Best practice in native code is to call SetServiceStatus with a non-zero exit code to indicate 1) it’s stopped and 2) something went wrong.
In managed code, you could achieve the same effect by obtaining the SCM handle through the ServiceBase.ServiceHandle Property and P/Invoke-ing the Win32 API.
I don’t see why the SCM would treat this any differently than setting the
ServiceBase.ExitCode property non-zero and then calling
ServiceBase.Stop, actually. P/Invoke is a bit more direct perhaps, if the service is in panic mode.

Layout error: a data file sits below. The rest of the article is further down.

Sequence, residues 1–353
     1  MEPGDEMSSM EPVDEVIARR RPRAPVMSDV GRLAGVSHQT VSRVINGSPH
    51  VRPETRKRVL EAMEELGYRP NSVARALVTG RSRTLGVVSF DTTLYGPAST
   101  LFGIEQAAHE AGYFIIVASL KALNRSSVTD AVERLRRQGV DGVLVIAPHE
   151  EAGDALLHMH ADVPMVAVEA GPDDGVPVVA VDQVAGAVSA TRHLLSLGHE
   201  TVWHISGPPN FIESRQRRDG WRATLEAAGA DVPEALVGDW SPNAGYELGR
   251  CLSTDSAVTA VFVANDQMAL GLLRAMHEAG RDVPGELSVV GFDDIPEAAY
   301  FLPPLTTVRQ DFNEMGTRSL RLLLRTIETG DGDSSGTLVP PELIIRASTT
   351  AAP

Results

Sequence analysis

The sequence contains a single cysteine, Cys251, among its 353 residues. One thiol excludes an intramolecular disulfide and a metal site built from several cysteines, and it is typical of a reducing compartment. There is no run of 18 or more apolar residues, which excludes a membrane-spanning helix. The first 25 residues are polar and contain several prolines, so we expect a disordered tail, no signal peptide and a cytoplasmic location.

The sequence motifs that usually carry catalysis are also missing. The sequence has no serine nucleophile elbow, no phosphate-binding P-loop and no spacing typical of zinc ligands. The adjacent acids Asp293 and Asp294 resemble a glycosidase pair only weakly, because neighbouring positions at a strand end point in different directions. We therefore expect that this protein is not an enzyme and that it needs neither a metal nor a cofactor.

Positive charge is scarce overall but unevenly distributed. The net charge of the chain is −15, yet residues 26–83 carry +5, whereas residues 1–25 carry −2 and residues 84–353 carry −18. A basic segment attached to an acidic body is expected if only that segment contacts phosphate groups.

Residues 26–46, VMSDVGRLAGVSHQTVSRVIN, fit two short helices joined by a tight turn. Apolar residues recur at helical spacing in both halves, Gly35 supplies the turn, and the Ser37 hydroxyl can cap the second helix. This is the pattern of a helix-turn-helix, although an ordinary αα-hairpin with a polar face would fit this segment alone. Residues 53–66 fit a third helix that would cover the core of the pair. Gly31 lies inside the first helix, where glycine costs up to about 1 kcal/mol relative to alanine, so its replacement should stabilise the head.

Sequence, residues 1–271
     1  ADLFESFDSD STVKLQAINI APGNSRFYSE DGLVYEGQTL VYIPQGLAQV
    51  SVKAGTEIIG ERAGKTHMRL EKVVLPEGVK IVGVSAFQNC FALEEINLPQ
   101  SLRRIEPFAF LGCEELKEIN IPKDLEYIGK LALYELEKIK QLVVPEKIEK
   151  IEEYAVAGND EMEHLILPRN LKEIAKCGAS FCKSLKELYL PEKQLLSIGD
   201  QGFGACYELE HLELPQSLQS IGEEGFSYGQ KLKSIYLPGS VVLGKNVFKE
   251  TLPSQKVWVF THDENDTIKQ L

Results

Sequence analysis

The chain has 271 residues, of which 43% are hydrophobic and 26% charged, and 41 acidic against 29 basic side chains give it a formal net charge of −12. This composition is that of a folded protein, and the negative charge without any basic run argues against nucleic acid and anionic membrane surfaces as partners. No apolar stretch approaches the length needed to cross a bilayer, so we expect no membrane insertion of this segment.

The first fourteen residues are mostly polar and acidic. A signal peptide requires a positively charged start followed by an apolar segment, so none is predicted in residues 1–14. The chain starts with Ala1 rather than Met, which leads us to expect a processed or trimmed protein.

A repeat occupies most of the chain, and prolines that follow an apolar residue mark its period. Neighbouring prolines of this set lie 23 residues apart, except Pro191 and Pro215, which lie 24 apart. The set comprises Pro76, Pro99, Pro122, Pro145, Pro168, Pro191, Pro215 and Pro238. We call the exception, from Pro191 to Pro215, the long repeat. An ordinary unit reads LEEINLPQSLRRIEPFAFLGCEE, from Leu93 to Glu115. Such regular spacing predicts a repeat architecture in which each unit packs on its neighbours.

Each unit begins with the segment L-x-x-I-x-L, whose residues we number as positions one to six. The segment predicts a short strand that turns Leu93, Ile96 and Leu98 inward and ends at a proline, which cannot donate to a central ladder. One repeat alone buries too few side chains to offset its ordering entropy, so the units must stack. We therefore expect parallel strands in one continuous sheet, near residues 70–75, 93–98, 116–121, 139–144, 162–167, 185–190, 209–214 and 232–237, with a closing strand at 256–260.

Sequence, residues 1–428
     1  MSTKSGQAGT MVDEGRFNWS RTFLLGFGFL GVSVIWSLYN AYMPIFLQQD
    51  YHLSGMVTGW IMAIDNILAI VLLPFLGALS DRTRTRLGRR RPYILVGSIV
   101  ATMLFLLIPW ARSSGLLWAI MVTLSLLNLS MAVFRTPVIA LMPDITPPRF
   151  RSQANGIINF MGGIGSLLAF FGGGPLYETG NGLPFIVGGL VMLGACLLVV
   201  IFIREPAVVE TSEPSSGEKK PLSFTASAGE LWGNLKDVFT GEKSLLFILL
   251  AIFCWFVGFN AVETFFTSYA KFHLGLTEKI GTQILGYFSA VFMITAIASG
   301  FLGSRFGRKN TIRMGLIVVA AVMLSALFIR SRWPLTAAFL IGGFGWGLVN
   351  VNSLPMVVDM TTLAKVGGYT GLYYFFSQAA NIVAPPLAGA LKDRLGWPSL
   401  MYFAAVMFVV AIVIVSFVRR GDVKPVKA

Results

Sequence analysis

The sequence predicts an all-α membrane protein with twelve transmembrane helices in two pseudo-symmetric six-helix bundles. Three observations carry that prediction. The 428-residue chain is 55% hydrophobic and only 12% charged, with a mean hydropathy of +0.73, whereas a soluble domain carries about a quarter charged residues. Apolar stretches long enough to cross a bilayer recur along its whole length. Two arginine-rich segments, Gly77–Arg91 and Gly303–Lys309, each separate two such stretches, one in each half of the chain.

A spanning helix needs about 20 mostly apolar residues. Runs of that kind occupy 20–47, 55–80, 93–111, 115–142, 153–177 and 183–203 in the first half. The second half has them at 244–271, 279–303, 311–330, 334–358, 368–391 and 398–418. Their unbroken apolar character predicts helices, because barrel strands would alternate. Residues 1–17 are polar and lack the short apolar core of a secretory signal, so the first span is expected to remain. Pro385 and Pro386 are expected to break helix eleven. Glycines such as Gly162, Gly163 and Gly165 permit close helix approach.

As noted in the comments (also see https://serverfault.com/questions/72318/set-up-recovery-actions-to-take-place-when-a-service-fails) if a process calls
SetServiceStatus(SERVICE_STOPPED) with a non-zero exit code, the Recovery Actions for the serice will only be done if the option “Enable Actions For Stops With Errors” (
sc.exe failureflag) is ticked. -> System Event ID 7024
If a service process exits (
Env.Exit()) or crashs without consulting the SCM, then the Recovery Actions will always be run. -> System Event ID 7031